Last edit by Marie_LPN, RN on Feb 11, '07
  7. by   Marie_LPN, RN
    On a side note, about the Spanish driver's test, my thought is if a person can't take an English drivers test in a predominantly English speaking country, how do i know that same person know what a Yield or Stop sign is??
    Last edit by Marie_LPN, RN on Feb 11, '07
  8. by   Spidey's mom
    I think the particular situation the OP found herself in was very hard - my heart goes out to the poor patient.

    I commend anyone who wants to learn Spanish or any other language - there is no way that every patient you will ever have will speak English. There are times that we need to translate for a patient. It is unrealistic to think otherwise. Even though I too think people should make every attempt to learn English.

    Plus it is always an asset to be able to speak a second language. Marketable.

    I've read that it even staves off Alzheimers . . . .

    steph
  9. by   wooh
    Quote from TazziRN
    I've also had people who I know speak English refuse to and insist on a Spanish interpreter.
    Just because they speak English doesn't mean they're fluent in medical English, and doesn't mean that they are comfortable counting on their English skills in a stressful situation. When I'm scared and stressed, my English skills get limited, and it's my first language! If it was my second language, I'd hate to think that I might say something wrong inadvertently that could make a huge difference in my or my family member's care. I'd much rather they insist on a Spanish interpreter than give me information that's wrong because they used the wrong words.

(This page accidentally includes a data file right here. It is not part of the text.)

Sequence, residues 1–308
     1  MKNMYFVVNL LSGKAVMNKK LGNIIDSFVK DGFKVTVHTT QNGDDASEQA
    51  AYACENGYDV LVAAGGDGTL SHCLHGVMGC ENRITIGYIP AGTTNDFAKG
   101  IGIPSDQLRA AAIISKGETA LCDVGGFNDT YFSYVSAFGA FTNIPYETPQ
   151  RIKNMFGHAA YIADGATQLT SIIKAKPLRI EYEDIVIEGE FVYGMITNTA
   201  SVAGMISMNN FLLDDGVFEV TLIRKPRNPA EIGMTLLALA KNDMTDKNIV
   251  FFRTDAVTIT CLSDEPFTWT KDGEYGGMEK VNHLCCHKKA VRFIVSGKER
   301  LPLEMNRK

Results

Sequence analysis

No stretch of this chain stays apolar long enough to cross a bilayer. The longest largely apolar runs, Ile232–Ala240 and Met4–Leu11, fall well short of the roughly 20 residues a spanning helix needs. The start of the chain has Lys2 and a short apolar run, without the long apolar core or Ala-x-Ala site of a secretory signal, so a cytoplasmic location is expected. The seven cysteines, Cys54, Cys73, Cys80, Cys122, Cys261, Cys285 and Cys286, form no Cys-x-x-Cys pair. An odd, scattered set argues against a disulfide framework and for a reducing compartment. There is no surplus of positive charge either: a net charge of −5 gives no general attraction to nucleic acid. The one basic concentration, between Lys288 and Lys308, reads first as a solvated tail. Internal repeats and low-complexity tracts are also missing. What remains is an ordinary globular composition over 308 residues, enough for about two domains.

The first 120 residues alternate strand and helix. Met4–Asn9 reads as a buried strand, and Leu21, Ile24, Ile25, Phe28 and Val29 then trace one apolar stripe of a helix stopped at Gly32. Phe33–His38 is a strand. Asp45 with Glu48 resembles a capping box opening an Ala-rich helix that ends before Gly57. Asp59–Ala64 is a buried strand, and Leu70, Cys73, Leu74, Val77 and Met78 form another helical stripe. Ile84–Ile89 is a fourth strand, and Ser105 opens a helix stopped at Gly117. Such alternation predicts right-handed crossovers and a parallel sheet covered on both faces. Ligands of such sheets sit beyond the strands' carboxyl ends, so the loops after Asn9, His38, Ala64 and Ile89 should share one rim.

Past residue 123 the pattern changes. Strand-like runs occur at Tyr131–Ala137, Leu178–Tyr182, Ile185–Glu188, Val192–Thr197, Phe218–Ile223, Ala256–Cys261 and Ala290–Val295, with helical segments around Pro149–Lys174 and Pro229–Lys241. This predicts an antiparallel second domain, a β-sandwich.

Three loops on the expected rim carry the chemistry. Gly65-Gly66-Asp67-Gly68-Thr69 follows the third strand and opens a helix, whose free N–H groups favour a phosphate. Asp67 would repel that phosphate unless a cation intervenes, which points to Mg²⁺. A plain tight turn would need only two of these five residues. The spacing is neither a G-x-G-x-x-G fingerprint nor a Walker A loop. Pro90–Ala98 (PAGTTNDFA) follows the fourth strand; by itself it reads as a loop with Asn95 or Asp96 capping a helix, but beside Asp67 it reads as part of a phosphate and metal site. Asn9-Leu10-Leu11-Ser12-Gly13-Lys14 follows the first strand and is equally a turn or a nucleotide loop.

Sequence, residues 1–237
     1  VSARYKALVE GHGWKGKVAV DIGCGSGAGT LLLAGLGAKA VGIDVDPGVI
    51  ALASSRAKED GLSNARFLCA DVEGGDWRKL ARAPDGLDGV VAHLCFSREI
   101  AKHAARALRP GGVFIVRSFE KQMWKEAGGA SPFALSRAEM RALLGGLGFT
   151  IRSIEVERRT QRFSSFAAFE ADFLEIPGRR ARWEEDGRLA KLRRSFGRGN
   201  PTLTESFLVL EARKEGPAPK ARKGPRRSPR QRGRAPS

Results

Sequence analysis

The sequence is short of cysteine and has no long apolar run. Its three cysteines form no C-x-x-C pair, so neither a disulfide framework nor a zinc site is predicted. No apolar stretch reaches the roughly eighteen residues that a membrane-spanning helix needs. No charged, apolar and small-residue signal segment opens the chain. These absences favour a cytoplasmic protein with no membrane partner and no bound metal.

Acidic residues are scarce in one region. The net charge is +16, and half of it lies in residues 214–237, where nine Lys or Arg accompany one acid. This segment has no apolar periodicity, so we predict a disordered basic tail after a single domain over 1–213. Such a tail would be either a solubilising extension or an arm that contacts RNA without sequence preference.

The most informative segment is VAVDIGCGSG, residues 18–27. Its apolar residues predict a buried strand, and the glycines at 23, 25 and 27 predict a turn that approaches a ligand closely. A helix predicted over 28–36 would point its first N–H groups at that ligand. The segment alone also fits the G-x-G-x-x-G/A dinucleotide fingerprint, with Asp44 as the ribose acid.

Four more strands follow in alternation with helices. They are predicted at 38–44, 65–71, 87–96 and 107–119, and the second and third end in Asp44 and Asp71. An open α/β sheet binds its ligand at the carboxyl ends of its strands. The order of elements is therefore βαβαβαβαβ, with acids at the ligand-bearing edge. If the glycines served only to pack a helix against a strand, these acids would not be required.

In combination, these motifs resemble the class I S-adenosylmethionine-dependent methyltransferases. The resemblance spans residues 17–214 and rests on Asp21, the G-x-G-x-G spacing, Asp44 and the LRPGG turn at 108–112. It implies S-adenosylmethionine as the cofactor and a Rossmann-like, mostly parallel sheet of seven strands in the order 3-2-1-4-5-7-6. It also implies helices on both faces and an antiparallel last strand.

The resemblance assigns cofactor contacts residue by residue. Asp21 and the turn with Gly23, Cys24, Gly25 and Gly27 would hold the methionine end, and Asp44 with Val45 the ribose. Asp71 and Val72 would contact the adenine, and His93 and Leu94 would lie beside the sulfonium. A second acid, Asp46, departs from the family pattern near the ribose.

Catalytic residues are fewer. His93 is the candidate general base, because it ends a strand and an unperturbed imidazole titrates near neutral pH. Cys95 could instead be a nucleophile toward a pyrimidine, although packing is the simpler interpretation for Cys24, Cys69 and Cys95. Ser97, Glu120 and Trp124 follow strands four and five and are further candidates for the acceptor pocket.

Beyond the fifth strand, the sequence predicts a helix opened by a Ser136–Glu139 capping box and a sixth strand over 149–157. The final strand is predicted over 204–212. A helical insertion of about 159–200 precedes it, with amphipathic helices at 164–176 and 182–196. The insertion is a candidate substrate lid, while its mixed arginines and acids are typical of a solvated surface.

I want to learn Spanish. I'm trying. I speak enough that I've had new coworkers think I'm fluent. (Amazing how overhearing "My name is wooh, I'll be your nurse for the day, everything ok? Questions? I speak a little Spanish, so you speak English?" with decent pronunciation will fool people!) I can do ok on rounds with settled patients, but when I ask if they have questions, I'll get the LL or interpreter. But for admits and discharges, I want to make absolutely sure everything is understood on both sides, so I always get the LL out on those, and preferably the interpreter (I really feel face to face is so much better.)

    It would be great if they learned English before they came to the hospital. But I get lots of scared moms, and when your at home with the kids all day, you get limited practice. It's HARD to learn another language. Lack of practice is the big thing holding me back. I learn new phrases, but by the time it comes to use them, it's already floated out of my brain. These are folks that just want a better life for themselves and their kids. Yeah, there's a few rude ones, but by far, my Hispanic patients always tend to be so wonderful. They want to learn, they're grateful for the care. They're not the ones on the call light complaining that their waffles for breakfast weren't freshly prepared from scratch instead of frozen. Learning spanish is the least I can do for people that actually appreciate my care!
  10. by   nurse4theplanet
    Quote from Marie_LPN
    Speak for someone else.